Manuel cited specific features of an epikong-bayan: “These characteristics show that these etnoepics are (a) narratives of sustained length, (b) based on oral tradition, (c) revolving around supernatural events or heroic deeds, (d) in the form of verse, (e) which is chanted or sung, (f) with a certain seriousness of purpose, embodying or validating the beliefs, customs, ideals, or life-values of the people.”

Further, “(t)hese features … as a consequence exclude from consideration prose narratives such as the Maragtas…”

But even Manuel did not acknowledge Bucaneg as the first to have consolidated the Lam-ang verse narrative. Almario writes: “Mula kay E.A. Manuel, lumilitaw pang si Fr. Gerardo Blanco ang dapat kilalaning unang nagrekord sa epikong-bayan ng mga Ilokano, at ang kanyang tekstong inilathala ni I. de los Reyes ang hulmahan ng mga sumunod na nalathalang bersiyon nitong ika-20 siglo.”

As the final essay, Almario includes the only entry in English, “Reconstructing the National Memory Towards Nation-Building,” a lecture he delivered at Kyoto University on Jan. 13 this year for a conference organized by the International Research Centre for Intangible Cultural Heritage in the Asia-Pacific Region (IRCI). He writes: 

“The national research agenda can truly serve as a guide in identifying gaps and areas which need more research, encourage the generation of more scholarly proposals, and support the more productive allocation of resources by expanding financing to more research areas while preventing the duplication of projects. But more than these, we want our enriched knowledge of the past to contribute to the solution of problems commonly confronting developing countries — for example, the problem of national identity. We want our enlightened memory of the past to lead us to a heightened and national consciousness of our identity as a people.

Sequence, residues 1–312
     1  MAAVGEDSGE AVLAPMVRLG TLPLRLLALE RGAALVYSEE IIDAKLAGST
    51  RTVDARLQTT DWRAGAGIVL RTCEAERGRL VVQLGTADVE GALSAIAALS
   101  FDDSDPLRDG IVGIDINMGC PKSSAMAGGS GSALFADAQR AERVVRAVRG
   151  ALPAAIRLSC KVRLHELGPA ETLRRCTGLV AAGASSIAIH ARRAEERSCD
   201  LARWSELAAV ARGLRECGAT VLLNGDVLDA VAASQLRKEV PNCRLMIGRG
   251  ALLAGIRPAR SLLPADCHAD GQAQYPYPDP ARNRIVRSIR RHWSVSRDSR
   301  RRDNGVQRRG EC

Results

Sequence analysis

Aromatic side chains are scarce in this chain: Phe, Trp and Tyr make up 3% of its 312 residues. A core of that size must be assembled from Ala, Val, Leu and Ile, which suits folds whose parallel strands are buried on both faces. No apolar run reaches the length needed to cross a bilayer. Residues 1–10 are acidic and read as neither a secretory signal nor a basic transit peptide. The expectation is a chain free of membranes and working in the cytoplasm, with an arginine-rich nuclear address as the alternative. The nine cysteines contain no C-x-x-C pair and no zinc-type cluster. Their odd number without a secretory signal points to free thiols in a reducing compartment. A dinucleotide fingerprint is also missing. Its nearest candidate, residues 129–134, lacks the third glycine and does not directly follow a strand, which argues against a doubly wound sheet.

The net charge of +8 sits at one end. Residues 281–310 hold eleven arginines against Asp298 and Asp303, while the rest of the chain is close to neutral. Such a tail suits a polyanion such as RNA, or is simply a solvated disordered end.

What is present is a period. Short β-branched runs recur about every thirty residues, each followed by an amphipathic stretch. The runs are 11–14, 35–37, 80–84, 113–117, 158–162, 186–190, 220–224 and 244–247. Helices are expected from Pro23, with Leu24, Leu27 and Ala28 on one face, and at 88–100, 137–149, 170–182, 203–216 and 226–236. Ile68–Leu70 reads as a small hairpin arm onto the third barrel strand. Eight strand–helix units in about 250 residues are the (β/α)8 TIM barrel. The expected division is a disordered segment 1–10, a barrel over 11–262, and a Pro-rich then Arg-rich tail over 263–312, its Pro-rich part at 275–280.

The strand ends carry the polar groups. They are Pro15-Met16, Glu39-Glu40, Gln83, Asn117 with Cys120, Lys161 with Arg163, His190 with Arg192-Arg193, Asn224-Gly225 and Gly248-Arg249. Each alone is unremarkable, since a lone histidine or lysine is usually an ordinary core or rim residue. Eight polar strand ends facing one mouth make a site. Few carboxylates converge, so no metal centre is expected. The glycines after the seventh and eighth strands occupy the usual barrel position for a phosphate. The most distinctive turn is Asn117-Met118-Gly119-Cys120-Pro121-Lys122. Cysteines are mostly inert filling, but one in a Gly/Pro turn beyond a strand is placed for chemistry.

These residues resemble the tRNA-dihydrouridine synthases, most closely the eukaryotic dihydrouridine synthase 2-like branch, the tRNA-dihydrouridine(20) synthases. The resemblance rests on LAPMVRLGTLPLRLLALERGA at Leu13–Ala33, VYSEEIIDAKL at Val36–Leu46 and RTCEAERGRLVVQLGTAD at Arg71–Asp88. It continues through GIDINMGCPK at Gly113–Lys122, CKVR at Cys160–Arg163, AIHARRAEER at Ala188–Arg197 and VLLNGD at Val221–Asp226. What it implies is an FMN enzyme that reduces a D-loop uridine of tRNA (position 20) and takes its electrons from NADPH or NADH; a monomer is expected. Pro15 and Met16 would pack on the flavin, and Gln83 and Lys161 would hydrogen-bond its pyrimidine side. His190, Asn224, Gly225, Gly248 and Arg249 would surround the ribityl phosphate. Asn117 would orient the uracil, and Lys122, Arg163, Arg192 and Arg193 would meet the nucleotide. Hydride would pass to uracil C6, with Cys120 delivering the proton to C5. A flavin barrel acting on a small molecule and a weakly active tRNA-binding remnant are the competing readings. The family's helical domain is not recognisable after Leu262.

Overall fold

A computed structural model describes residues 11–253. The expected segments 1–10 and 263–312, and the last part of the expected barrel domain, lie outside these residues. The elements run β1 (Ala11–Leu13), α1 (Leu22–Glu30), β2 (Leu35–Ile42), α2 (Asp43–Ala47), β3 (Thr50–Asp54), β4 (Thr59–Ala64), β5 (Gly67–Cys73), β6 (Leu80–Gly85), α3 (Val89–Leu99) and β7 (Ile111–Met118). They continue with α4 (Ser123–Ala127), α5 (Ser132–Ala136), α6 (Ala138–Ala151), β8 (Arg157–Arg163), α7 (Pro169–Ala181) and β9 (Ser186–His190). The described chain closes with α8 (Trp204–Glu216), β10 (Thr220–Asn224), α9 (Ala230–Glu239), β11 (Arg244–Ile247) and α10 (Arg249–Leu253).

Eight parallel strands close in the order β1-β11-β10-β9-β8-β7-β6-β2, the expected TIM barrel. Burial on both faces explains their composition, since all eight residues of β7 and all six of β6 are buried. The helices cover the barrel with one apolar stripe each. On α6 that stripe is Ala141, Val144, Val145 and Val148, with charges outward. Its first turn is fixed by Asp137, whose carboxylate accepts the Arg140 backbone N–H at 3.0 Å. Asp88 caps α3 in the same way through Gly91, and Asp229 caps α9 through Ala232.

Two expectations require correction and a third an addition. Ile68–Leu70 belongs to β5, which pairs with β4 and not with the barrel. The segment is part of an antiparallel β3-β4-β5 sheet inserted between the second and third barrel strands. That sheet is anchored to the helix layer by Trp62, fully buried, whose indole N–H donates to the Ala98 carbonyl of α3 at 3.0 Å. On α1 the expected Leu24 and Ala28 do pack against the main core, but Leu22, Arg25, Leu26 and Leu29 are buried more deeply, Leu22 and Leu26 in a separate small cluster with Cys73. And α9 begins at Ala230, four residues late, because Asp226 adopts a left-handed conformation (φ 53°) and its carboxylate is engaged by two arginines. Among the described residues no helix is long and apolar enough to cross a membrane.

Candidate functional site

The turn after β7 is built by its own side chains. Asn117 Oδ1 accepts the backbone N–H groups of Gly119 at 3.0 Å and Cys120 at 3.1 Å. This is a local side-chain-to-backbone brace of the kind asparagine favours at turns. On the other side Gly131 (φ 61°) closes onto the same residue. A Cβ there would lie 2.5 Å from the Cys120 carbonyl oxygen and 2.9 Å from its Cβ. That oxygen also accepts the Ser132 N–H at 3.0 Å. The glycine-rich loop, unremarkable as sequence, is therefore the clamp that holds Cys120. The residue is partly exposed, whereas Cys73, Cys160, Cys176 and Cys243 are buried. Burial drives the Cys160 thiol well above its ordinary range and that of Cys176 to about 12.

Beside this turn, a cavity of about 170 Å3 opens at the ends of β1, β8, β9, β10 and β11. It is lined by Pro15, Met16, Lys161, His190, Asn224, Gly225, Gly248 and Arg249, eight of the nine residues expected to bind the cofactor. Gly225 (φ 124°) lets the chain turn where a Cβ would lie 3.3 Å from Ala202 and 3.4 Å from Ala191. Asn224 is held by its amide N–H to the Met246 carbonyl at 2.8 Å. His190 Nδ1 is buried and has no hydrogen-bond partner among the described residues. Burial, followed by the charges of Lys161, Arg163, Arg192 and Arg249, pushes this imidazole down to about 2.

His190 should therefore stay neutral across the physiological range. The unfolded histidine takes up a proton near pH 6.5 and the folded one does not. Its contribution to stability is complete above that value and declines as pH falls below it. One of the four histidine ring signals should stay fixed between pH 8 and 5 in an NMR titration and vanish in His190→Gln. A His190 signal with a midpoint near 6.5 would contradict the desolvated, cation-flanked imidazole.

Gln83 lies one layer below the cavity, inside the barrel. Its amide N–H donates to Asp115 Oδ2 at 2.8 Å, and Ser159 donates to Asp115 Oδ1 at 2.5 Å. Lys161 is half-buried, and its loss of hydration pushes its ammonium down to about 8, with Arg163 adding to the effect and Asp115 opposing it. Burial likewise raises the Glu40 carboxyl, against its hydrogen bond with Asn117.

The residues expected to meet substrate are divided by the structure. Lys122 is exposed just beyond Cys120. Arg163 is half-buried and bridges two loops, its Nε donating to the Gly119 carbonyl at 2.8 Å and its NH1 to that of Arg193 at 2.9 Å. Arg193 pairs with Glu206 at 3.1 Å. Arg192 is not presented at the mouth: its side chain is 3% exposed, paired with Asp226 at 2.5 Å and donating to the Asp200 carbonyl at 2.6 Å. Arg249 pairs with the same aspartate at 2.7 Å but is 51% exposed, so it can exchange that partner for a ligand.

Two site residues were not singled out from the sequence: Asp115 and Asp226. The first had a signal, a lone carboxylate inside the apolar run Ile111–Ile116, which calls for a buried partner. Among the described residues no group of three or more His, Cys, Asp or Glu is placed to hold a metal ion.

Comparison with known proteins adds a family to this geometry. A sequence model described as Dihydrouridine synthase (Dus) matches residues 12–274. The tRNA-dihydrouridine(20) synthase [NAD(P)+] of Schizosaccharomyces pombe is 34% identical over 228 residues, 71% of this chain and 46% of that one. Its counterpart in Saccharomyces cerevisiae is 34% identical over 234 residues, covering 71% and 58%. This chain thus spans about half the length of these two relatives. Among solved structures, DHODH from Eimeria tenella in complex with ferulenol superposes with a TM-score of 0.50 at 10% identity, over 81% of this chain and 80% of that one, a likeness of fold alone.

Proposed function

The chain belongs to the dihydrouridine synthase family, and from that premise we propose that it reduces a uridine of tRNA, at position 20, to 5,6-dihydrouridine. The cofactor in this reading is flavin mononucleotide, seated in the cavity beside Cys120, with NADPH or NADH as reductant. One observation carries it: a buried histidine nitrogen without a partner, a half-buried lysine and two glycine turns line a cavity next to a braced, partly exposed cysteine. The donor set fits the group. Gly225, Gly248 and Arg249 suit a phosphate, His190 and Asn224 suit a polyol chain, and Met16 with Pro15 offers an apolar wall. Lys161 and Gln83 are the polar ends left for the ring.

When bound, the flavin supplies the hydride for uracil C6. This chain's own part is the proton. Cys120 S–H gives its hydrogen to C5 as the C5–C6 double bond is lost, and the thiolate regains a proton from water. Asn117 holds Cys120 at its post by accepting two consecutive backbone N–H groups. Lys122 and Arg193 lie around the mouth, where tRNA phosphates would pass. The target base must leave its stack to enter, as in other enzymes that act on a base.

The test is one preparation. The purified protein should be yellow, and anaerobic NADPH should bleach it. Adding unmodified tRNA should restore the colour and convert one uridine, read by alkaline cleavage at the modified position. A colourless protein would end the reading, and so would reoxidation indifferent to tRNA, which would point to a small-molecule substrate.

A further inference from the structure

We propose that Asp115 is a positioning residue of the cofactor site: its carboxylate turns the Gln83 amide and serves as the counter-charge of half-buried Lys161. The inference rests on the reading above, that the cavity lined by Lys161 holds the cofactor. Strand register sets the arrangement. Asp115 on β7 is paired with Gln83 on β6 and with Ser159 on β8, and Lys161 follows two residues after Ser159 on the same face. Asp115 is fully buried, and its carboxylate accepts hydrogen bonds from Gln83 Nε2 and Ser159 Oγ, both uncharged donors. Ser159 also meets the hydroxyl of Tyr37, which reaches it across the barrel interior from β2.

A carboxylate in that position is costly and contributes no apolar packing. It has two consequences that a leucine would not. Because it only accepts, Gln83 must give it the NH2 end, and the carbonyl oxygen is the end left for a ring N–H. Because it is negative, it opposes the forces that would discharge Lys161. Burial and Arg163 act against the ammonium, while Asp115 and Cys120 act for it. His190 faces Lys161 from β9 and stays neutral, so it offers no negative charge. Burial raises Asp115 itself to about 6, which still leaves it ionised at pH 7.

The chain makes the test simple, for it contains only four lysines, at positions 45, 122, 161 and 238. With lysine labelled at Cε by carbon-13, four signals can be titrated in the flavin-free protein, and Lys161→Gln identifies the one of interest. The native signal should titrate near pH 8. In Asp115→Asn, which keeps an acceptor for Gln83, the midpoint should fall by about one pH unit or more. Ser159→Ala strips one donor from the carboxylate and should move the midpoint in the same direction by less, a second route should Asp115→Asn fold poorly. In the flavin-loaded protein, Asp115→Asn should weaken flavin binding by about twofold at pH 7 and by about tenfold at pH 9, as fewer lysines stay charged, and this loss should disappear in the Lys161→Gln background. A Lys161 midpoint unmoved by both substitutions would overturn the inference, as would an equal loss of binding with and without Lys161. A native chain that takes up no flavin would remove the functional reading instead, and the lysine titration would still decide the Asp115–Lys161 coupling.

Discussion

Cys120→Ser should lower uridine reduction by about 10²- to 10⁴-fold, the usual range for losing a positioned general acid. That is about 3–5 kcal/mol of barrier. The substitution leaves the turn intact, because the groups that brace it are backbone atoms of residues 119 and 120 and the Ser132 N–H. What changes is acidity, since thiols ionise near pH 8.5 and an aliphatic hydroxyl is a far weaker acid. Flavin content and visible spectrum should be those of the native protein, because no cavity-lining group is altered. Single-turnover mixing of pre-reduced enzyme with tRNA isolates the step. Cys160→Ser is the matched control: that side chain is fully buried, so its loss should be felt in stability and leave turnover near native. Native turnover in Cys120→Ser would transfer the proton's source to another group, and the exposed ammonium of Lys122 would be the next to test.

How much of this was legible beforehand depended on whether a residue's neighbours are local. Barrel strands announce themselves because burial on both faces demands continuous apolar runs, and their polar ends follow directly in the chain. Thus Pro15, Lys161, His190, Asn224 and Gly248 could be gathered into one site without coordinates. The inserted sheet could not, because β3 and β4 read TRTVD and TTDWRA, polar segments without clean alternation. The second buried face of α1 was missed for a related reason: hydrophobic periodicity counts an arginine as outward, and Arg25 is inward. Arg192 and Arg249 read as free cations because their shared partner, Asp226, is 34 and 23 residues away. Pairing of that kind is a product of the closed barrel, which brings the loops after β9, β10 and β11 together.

“Again, this problem is not new. Our intellectuals and academicians passionately tackled the search for national identity in the 1960s, more than half a century ago, and failed to agree on a useful image for the ‘Filipino.’ Looking back, I can see many reasons for their failure. First of all, they searched using a foreign language and all the Western perspectives they learned in school. They were not able to form a vision of our national history. Most of them exhibited values inherited from colonial tutelage. And most of all, they did not take seriously the advice of E. Arsenio Manuel, F. Landa Jocano, and the other leading folklorists and anthropologists to study our myths and legends as sources of information about our original self as a people.”

In a Note written and published as a Facebook post, poet-translator Marne Kilates sums up Virgilio S. Almario’s objectives with the publication of his book by Komisyon ng Wikang Filipino:

“Almario proposes a tandem assignment to research advocating the recovery of national memory. First, what is needed is the proper method of inquiry so the recovery of memory can be more beneficial to the country. The educated Filipino has long been said to be a product of ‘mis-education,’ not only of ‘bad’ education but even of the sort of education that is the mixture of excessive religiosity or what Rizal and Del Pilar called the ‘obscurantism’ of the ‘monarchial sovereignty’ and the awe and deep reverence Filipinos hold for Western culture which is the product of widespread Americanization. ...

“Second, proper research and inquiry must be offered to the liberation of national memory. This proposal devotes itself to promoting the health of national memory.”